What to Know About Prilosec (Omeprazole)

A Treatment for Acid Reflux, Ulcers, and Esophagitis

In This Article

Prilosec (omeprazole) is a proton-pump inhibitor (PPI) used to help treat heartburn symptoms, ulcers, gastroesophageal reflux disease (GERD), and erosive esophagitis. Prilosec blocks an enzyme that allows acid to be released from proton pumps in gastric cells. This prevents too much acid from harming the tissues lining your esophagus, stomach, and intestines.

Prescription Prilosec is for diseases that require diagnosis and monitoring by a doctor, while Prilosec OTC is only used to treat heartburn. There are generic versions of both of these medications.

Prescription Prilosec, the first PPI on the market, comes in delayed-release capsules and an oral suspension that you mix with water and drink. Prilosec OTC comes in delayed-release tablets.

Prilosec samples
Marc Andrew Deley / Getty Images

Uses

Prilosec OTC is used for heartburn, a common symptom of GERD, that occurs more than two times per week. It is approved for adults ages 18 and up.

Prescription Prilosec is also used for heartburn and is a standard treatment for GERD, gastric ulcers (located in the stomach lining), and duodenal ulcers (located in the duodenum of the small intestine). In addition, prescription Prilosec can be used to help heal erosive esophagitis or to treat Helicobacter pylori (H. pylori, a common ulcer-causing bacteria) as a combination therapy with antibiotics.

Prescription Prilosec can also be used in treatment of rare hypersecretory conditions, such as Zollinger-Ellison syndrome, multiple endocrine adenomas, and systemic mastocytosis. In each of these, tumors or cell groupings can produce excess gastric acid.

Prescription Prilosec is approved for these purposes in individuals age 17 and up. While only approved for use in children age 1 year and older who have GERD or erosive esophagitis, a doctor may determine that the drug may be helpful in other cases involving young children.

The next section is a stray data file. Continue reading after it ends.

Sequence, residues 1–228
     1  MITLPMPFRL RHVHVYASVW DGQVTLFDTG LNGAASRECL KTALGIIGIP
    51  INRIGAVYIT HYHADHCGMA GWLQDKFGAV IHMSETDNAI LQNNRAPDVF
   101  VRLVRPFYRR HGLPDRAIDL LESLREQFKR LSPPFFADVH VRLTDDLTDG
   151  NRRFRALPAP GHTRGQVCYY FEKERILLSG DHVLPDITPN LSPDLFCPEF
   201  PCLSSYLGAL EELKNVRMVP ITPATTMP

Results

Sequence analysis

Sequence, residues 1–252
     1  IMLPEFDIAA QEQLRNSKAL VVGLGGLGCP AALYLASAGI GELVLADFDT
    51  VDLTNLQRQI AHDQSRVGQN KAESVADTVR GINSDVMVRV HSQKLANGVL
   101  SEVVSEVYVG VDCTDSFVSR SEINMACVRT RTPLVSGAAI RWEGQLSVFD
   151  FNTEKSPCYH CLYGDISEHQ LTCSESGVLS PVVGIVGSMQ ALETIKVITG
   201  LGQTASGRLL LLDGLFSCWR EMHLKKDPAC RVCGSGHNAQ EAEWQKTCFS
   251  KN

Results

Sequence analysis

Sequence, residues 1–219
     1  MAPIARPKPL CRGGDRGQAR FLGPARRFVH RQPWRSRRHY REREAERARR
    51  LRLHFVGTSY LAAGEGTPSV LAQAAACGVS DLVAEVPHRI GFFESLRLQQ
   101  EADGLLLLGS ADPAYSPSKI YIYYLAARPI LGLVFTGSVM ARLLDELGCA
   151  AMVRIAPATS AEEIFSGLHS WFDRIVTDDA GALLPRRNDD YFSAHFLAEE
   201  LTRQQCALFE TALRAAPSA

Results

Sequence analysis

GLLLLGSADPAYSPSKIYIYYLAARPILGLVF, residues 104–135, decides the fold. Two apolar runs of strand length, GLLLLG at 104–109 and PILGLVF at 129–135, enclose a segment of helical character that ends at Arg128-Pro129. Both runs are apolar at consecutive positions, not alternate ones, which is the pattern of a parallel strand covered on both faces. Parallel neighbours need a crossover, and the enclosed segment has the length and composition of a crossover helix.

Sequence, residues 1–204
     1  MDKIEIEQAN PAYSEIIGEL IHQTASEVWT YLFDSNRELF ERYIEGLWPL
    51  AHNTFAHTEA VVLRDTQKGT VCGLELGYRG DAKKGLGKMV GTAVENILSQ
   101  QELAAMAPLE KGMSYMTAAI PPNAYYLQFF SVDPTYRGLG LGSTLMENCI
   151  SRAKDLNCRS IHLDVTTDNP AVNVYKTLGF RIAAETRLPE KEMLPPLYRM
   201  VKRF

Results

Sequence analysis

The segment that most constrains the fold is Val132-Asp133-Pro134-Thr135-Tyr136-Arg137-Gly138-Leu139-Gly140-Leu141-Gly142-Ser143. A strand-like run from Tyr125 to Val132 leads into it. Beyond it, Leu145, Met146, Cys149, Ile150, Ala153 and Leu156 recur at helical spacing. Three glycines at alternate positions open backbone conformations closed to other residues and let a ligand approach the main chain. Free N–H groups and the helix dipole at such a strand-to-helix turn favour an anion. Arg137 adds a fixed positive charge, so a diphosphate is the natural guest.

It's important to note that relief from symptoms while taking Prilosec does not mean that there isn't a serious condition present that needs evaluation and treatment. Be sure to see your doctor.

Before Taking

Prilosec OTC is not for acute symptoms of heartburn (i.e., those affecting you right now). Rather, it is used daily for two weeks and takes one to four days to take full effect.

Consult your doctor before taking Prilosec OTC, especially if you've had heartburn for more than three months. This can be a sign of a more serious condition.

Before prescribing Prilosec or recommending Prilosec OTC, your doctor will want to know about your symptoms and may want to do a blood test to check for H. pylori, or a barium-swallow X-ray or other imaging to look for ulcers.

An endoscopy, a procedure in which a thin tube with a light and camera is inserted down your throat to view your upper digestive system, may also be recommended if your doctor suspects an issue with your esophagus. This inside view can help diagnose ulcers or erosive esophagitis, as well rule out tumors and other esophageal conditions or complications.

There are also other tests such as an ambulatory acid (pH) monitoring exam (an outpatient procedure where a tube is inserted into your esophagus for 24 hours to measure acid) and esophageal manometry (a tube is inserted to measure muscle contractions of the esophagus) that can help your doctor figure out if your symptoms are actually from GERD or other issues, such as a weak sphincter muscle.

Other PPI medications that are also available by prescription or over the counter include Prevacid (lansoprazole) and Nexium (esomeprazole). Similar prescription-only options include AcipHex (rabeprazole), Protonix (pantoprazole), and Dexilant (dexlansoprazole).

There does not appear to be a significant difference in efficacy in any of the different PPIs on the market.

Several studies show that medications like Prilosec provide better relief and overall healing from acidic damage than H2-blocking medications like Pepcid (famotidine) that decrease stomach acid by blocking histamine-2 (H2) receptors. This is true for both erosive and non-erosive inflammation in your esophagus, stomach, and intestine.